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CTF is a broad-based gathering of people exploring Christian Theology and how it applies today





Saturday 24th April 2010


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Recessionary Times


 New Ethical Questions?





Rev. Dr. Johnston McMaster


Dr. Johnston McMaster is an ordained Methodist minister. One of his early appointments was in Clonakilty.


He now lectures with the Irish School of Ecumenics and is co-ordinator of the Education for Reconciliation Programme in Northern Ireland and the Border Counties. 


He is a regular presenter at international conferences and has been especially involved with South Korea and Sri Lanka. 


His areas of interest are peace-building, reconciliation, restorative justice, Irish history, contextual theology, socio-political hermeneutics and Celtic Christianity. 


He has written extensively, co-authored Communities of Reconciliation and has just published A Passion for Justice: Social Ethics in the Celtic Tradition.  A forthcoming publication will be entitled Skills for a Ministry of Reconciliation.


He is also a regular broadcaster.




What does Christian theology have to say in the current discussions around Ireland’s future in the light of the economic recession?  What values should be promoted in finding a way forward?


Johnston McMaster will propose that the recession offers a vital opportunity to ask new ethical questions leading to an alternative vision for the future.  He will look to the biblical theme of covenant to offer a model for how our society can manage its wealth to the benefit of all its citizens.







Rochestown Park Hotel

Douglas, Cork




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Registration fee €15, Paid-up Members €10



09.30 Registration

10.00           Dr. McMaster’s Talk       

10.45               Questions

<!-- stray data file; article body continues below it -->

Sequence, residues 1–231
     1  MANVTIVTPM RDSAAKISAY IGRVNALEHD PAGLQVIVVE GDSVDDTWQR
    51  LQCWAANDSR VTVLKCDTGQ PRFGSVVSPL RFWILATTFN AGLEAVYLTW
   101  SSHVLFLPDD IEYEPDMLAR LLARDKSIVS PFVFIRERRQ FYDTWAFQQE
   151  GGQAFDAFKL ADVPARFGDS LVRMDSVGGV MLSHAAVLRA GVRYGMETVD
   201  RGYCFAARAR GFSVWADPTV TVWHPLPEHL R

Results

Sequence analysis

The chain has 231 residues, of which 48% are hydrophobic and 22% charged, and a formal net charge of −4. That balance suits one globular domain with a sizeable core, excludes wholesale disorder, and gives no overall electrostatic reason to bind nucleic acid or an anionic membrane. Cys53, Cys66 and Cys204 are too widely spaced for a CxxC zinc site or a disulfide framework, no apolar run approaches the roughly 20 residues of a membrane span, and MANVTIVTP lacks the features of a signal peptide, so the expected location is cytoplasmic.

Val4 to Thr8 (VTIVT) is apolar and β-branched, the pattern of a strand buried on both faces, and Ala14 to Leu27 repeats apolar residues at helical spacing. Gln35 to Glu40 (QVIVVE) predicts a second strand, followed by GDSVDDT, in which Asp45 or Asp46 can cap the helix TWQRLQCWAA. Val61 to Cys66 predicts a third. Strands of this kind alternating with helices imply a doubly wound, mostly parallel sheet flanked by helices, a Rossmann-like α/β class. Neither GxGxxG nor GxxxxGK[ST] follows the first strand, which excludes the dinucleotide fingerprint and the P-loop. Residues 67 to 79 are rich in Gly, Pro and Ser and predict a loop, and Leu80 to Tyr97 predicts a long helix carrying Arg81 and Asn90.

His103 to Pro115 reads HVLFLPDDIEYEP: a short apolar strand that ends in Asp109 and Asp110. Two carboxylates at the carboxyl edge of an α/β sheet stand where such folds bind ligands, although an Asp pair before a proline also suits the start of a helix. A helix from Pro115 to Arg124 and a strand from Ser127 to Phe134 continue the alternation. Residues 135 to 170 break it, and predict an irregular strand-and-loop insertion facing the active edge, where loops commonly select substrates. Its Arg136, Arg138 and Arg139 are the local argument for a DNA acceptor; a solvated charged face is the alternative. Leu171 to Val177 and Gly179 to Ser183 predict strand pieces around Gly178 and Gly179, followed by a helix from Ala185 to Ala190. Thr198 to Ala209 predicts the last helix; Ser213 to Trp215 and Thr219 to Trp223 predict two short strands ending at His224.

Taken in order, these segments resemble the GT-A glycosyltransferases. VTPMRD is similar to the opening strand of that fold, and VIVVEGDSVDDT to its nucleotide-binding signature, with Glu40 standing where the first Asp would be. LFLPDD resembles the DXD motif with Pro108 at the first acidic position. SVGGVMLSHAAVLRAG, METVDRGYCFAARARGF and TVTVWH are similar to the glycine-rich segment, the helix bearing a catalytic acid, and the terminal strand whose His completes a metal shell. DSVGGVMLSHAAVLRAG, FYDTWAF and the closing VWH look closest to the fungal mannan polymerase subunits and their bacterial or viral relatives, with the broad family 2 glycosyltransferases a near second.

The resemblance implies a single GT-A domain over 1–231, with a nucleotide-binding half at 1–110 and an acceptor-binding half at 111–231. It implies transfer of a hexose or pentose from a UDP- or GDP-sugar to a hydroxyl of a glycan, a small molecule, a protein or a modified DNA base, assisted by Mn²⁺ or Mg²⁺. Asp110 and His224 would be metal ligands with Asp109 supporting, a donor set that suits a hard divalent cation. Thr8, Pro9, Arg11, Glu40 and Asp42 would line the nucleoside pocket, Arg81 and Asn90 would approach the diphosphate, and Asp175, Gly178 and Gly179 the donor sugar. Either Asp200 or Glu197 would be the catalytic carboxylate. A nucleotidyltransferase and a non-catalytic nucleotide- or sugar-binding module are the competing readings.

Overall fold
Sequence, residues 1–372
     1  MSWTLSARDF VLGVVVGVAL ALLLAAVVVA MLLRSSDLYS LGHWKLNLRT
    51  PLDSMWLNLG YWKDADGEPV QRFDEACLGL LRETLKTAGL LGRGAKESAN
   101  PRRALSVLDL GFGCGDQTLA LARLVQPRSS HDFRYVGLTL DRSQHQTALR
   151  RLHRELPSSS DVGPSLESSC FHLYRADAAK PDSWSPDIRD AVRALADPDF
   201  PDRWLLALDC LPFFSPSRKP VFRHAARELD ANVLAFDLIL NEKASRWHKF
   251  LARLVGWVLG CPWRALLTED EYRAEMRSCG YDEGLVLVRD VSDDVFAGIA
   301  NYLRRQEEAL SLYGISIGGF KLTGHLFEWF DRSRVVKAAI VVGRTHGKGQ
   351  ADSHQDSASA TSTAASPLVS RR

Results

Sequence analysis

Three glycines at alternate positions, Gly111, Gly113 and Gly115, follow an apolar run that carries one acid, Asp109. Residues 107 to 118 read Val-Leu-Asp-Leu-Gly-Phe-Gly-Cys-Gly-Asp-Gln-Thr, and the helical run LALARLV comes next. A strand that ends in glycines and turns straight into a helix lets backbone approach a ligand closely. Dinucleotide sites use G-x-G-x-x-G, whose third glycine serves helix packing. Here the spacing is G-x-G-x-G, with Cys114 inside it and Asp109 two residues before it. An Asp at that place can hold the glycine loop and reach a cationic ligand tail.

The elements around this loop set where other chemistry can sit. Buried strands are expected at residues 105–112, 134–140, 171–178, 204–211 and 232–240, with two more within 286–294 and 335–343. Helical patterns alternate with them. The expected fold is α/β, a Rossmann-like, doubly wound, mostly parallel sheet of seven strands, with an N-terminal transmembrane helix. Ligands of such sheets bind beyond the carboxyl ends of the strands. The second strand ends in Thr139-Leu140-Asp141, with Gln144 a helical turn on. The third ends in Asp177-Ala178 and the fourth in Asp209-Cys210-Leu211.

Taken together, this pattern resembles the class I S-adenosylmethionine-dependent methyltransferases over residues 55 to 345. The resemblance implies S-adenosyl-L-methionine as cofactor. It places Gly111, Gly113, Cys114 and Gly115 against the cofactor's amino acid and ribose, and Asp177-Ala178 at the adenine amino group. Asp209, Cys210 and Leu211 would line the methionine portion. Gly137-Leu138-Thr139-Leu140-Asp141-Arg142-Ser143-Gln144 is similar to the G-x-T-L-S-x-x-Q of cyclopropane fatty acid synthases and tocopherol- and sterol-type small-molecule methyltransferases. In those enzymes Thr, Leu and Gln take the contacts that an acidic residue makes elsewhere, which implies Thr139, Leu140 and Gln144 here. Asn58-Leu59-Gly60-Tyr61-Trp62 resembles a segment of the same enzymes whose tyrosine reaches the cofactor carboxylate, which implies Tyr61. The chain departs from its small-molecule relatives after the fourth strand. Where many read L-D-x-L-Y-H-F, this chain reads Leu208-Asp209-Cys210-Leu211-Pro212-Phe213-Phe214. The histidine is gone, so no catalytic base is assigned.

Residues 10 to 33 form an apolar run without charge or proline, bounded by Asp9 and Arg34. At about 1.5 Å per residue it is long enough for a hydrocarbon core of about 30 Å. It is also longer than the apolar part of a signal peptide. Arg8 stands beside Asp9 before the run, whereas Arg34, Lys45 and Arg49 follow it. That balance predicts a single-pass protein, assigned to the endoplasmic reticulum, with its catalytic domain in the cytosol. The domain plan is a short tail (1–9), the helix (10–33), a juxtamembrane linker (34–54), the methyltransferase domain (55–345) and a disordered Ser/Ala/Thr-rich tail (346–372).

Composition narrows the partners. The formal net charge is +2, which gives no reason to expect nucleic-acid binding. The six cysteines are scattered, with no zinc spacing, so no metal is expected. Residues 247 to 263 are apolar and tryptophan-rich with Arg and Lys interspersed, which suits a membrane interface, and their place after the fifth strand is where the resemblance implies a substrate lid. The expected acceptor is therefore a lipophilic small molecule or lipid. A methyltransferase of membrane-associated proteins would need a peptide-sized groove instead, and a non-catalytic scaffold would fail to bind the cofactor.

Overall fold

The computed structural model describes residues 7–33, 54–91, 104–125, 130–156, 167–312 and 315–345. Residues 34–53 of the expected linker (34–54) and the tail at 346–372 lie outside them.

11.00           Coffee Break

11.30           Small Group Discussion

12.15           Large Group Feedback

12.45           Departure







Dr. McMaster’s Hand-out


Recovering Economic Ethics:

Covenant as an Alternative Socio-Economic Vision


  1. Collapse of Institutional Moral Authority

  2. PCG Problem
    Power, control, greed and globalisation

  3. The United Nations Millennium Declaration
    Fundamental values for
    international relations in the 21st century.

                        • Freedom


  • Solidarity

  • Tolerance

  • Respect for nature

  • Shared responsibility

  1. Covenant as an Alternative Socio-Economic Vision

• Decalogue as economically driven

• Jubilee - Sabbath

Deuteronomic programme for relieving poverty

• Debts owed by the poor are to be cancelled after seven years, so that there is no permanent underclass (Deut 15 v 1-8)

No interest to be charged on loans to members of the community (Deut 23 v 19-20)

Permanent hospitality is to be extended to runaway slaves (Deut 23 v 15-16).

No collateral is to be required on loans made to poor people (Deut 24 v 10-13)

No withholding of wages that are due to the poor (Deut 24 v 14-15)

No injustice towards a resident alien or an orphan (Deut 24 v 17-18)

The economy is to make regular provision for the needy and the marginalised (Deut 24 v 19-22)

Core covenant values
Steadfast love - solidarity

Justice - distribution of resources and goods

Righteousness - putting things right socially and economically

  1. Covenantal Economics in Mark

Mark 10 v 17-22

Mark 10 v 23-27

Mark 10 v 28-31

Questions for Reflection and Exploration

  1. In what practical ways can we become more aware of a new sense of our place in the cosmic community?
  2.  How do we put the UN Millennium Declaration values at the heart of this island's life in recessionary times?
  3. What difference would the covenantal core values of steadfast love, justice and righteousness make to national and community life in Ireland today?
  4. What would it mean to live the covenantal/kingdom economics of Jesus in today's world?



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Past Events



CTF Committee 10- 12

Mary Coakley,  Charles Conroy, Anne Francis, Geraldine Gracie, Derek Johnston,

Seán O’Sullivan Steve Lawes, Evelyne O’Callaghan, Tom Riordan, John Scanlan